Wednesday, May 14, 2008


As I predicted in The Coming Economic Tsunami

B of A does not see a very rosy picture and they should now

BofA sees consumers under pressure

Bank of America (BAC) is the latest big company to note the pain being felt by consumers hit by rising food and fuel prices. BofA exec Liam McGee told investors at a conference in New York that the bank has seen a “recent sharp increase” in spending on necessities by its credit-card customers, Bloomberg reports. The comment comes a week after giant retailer Wal-Mart (WMT) said the slowdown in the economy was observable through what it called “the paycheck cycle,” in which sales drop late in the month as workers run low on cash, and a day after JPMorgan Chase (JPM) chief Jamie Dimon said he believes a recession could be deeper than the 1990 and 2001 pullbacks.

BofA is also being hit by the housing bust, McGee said. He said the bank now expects to post losses above 2.5% of its home equity loan portfolio, up from a projection last month of a loss between 2% and 2.5%, Bloomberg reports. While McGee says the bank is “obviously not happy with rising credit losses,” The Wall Street Journal reports, it’s hoping to weather the storm by trying to attract more affluent consumers.

May 13 (Bloomberg) -- Bank of America Corp., the nation's biggest consumer bank, said losses on home-equity loans will be even worse than predicted three weeks ago, adding to evidence that more consumers are falling behind on debts.

More customers are under financial stress and using credit cards to pay for necessities, said Liam McGee, president of the consumer and small business division, at an investor conference today in New York. Losses on the bank's $118 billion in loans linked to home values may top 2.5 percent, higher than the 2 percent to 2.5 percent projected last month. He didn't specify a time frame.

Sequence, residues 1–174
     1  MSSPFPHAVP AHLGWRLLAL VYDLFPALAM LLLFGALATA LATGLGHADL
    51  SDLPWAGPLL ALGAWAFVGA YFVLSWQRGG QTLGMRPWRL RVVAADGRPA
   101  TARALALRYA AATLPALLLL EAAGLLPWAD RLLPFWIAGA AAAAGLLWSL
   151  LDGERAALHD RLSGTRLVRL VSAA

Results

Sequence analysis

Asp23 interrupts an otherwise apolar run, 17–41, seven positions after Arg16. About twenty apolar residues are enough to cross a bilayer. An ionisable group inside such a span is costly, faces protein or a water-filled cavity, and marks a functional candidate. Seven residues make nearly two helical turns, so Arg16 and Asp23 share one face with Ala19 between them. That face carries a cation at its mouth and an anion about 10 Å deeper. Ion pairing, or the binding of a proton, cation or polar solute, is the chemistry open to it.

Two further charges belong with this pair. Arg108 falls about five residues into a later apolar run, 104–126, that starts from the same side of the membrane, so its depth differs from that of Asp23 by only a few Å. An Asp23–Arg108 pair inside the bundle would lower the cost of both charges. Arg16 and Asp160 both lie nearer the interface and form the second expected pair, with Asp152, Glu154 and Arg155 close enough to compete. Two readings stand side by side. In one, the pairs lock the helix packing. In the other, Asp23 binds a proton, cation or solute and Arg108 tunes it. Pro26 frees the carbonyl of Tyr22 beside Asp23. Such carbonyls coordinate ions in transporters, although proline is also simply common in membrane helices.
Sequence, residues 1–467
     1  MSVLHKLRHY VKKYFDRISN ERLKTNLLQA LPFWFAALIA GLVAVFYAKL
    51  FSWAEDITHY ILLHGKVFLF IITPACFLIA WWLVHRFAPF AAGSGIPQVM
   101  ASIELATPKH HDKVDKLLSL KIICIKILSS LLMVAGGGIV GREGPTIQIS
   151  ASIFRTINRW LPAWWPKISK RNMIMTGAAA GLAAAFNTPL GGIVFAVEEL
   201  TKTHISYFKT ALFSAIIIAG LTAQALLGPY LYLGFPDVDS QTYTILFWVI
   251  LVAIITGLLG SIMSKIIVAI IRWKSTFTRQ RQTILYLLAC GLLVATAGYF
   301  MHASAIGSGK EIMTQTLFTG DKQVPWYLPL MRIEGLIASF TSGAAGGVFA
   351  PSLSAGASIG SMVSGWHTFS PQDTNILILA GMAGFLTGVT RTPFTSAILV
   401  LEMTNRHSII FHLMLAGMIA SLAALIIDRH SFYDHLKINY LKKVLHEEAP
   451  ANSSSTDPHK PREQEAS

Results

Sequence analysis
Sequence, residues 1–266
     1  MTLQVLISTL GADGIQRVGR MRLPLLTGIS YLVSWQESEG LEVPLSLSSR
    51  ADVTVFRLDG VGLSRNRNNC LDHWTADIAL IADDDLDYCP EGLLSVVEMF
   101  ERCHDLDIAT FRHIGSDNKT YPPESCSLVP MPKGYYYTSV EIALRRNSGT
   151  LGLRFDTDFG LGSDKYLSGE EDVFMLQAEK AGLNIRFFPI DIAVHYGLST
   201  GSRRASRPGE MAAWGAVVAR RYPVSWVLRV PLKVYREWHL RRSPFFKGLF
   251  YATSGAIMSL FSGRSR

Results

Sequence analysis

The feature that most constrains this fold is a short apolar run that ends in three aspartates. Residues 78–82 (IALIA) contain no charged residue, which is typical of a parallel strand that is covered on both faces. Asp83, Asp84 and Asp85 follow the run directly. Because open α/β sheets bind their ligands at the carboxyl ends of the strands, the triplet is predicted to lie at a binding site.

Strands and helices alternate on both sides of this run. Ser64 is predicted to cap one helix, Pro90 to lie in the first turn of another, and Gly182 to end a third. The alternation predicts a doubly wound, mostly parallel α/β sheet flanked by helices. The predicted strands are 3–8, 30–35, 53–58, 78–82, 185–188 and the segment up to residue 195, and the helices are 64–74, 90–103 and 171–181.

Credit-card customers are cutting back on retail, travel and entertainment purchases, said McGee, whose company is the nation's largest credit-card issuer and ranks No. 1 by deposits. That backs up economists and bankers who say the U.S. may be teetering near a recession as consumers struggle with job losses and gasoline prices of more than $4 a gallon.

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From Value Line

The housing market remains in a dreadful slump, with no end in sight. In fact, recent construction numbers, in particular those relating to March housing starts and building permits, suggest that the downturn continues to intensify. By way of example, in January of 2006, when the housing cycle was in its ascendancy, some 2.3 million units were started on an annualized basis. In March of this year, that number stood at 947,000. Home sales also are suffering, with sales of previously owned homes off 2% in March from February and down 19.3% from last March. Meanwhile, home prices remain depressed, and both foreclosures and inventories of unsold homes are rising. It is not a pretty picture.


Anonymous said...

well that sucks.


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